In 2016, this Court applied the standards of appellate review for quasi-judicial decisions to a permit decision by the MDE in a scenario governed by the same permitting statute involved in the present case:[7] "[a]lthough this statute does not set forth a standard of review, the substantial evidence and arbitrary and capricious standards apply where an 'organic statute' authorizes judicial review without a contested case hearing and does not set forth a standard of review." Md. Dep't of Env't v. Anacostia Riverkeeper, 447 Md. 88, 118, 134 A.3d 892, 910 (2016), reconsideration denied (May 20, 2016) (citing Supervisor of Assessments of Carroll Cnty. v. Peter & John Radio Fellowship, Inc., 274 Md. 353, 355, 335 A.2d 93, 94 (1975) and Med. Waste Assocs., Inc. v. Md. Waste Coal., Inc., 327 Md. 596, 621, 612 A.2d 241, 253 (1992)).[8]

         We shall review, therefore, the MDE's Final Determination to issue the permit to MC as follows:

Whether by statute or by common law, courts look for three things when reviewing a quasi-judicial decision: (1) were the findings of fact made by the agency supported by substantial evidence in the record made before the agency; (2) did the agency commit any substantial error of procedural or substantive law in the proceeding or in formulating its decision; and (3) did the agency act arbitrarily or capriciously in applying the law to the facts- in essence, whether a reasoning mind could reasonably reach the conclusion reached by the agency from the facts in the record. With respect to the findings of fact, judicial review is highly deferential. With respect to determining legal error, it is much less so.

Hovnanian's Four Seasons, 425 Md. at 514, 42 A.3d at 58 n.15 (citations omitted).[9]

         This standard requires our review to be "narrow and highly deferential" with respect to administrative fact-finding. Trinity Assembly of God of Baltimore City, Inc. v. People's Counsel for Baltimore Cnty., 407 Md. 53, 78, 962 A.2d 404, 418 (2008). "An agency decision based on regulatory and statutory interpretation is a conclusion of law. Even when reviewing an agency's legal conclusions, an appellate court must respect the agency's expertise in its field. When an agency interprets its own regulations or the statute the agency was created to administer, we are especially mindful of that agency's expertise in its field." Carven v. State Ret. & Pension Sys. of Md., 416 Md. 389, 406, 7 A.3d 38, 49 (2010) (citations and quotation marks omitted). Compared with a question of statutory interpretation, "[w]hen the construction of an administrative regulation rather than a statute is in issue, deference is even more clearly in order." Md. Transp. Auth. v. King, 369 Md. 274, 288, 799 A.2d 1246, 1254 (2002) (citations and quotation marks omitted). We grant such deference to an agency's interpretation of its regulations because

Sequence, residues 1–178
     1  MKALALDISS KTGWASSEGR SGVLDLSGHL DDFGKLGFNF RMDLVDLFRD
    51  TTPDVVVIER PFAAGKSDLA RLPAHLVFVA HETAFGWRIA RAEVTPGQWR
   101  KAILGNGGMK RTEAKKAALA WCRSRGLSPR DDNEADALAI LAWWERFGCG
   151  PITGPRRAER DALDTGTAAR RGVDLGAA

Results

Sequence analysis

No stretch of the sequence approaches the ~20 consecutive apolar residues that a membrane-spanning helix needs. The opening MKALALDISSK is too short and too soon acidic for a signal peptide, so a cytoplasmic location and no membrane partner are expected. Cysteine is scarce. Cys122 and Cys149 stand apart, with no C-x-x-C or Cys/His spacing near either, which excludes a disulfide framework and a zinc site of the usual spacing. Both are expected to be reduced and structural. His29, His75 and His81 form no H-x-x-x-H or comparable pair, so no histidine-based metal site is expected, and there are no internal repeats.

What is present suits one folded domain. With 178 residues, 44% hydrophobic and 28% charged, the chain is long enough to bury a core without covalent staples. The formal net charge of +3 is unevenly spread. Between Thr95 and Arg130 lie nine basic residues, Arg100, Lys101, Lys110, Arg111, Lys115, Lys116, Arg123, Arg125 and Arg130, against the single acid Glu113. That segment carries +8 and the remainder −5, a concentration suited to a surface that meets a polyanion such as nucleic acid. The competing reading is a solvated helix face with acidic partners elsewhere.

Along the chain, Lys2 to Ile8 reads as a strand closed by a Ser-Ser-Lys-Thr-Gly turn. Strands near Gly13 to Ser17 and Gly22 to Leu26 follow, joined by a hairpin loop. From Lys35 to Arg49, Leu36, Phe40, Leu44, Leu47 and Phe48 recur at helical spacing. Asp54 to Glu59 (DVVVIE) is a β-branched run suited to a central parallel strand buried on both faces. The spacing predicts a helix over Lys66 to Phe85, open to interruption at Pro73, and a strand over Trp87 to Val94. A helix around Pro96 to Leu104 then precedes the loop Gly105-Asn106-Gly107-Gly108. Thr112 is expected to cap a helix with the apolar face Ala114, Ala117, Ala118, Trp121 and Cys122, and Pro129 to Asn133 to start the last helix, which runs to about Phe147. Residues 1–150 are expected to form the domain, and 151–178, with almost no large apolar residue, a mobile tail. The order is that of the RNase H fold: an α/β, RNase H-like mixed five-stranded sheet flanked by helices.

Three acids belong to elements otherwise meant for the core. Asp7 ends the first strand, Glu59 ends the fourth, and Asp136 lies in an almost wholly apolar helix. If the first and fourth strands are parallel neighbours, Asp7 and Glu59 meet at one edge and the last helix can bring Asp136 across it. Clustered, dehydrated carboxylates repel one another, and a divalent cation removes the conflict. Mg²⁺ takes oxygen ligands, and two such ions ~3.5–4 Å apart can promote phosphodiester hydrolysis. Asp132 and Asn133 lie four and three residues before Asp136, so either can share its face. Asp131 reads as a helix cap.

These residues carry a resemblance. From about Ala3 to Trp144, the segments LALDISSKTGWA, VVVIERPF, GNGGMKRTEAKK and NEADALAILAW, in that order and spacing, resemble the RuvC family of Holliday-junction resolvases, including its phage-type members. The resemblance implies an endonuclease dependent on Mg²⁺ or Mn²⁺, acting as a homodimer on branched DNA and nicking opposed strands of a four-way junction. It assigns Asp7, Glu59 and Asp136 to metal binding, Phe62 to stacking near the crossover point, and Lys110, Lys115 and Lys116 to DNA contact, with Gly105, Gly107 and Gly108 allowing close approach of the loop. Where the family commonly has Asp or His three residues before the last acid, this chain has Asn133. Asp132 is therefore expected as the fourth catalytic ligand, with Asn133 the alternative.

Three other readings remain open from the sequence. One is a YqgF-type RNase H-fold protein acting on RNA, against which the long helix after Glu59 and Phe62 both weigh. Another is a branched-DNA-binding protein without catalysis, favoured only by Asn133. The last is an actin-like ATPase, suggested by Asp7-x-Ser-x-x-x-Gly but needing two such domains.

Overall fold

agency rules are designed to serve the specific needs of the agency, are promulgated by the agency, and are utilized on a day-to-day basis by the agency. A question concerning the interpretation of an agency's rule is as central to its operation as an interpretation of the agency's governing statute. Because an agency is best able to discern its intent in promulgating a regulation, the agency's expertise is more pertinent to the interpretation of an agency's rule than to the interpretation of its governing statute.

King, 369 Md. at 289, 799 A.2d at 1254 (citations and quotation marks omitted). Put another way, the courts do not play the role of an über administrative agency in reviewing the actions of state or local administrative bodies, but, rather we exercise discipline in our review so as not to cross the separation of powers boundary.


         Prior to building a human remains incinerator or other similarly-regulated source of air pollution, an applicant must obtain a construction permit from the MDE. COMAR Pursuant to COMAR 26.11.15 and 26.11.16, the MDE regulates Toxic Air Pollutants (TAPs) and provides related procedural requirements to prevent unreasonable danger to human health, among other objectives. COMAR, Ambient Impact Requirement, subsection A(1), reads as follows:

A. Requirements for New Installations, Sources, or Premises.
(1) Except as provided in ┬žA(2) of this regulation, a person may not construct, modify, or operate, or cause to be constructed, modified, or operated, any new installation or source without first demonstrating to the satisfaction of the Department using procedures established in this chapter that total allowable emissions from the premises of each toxic air ...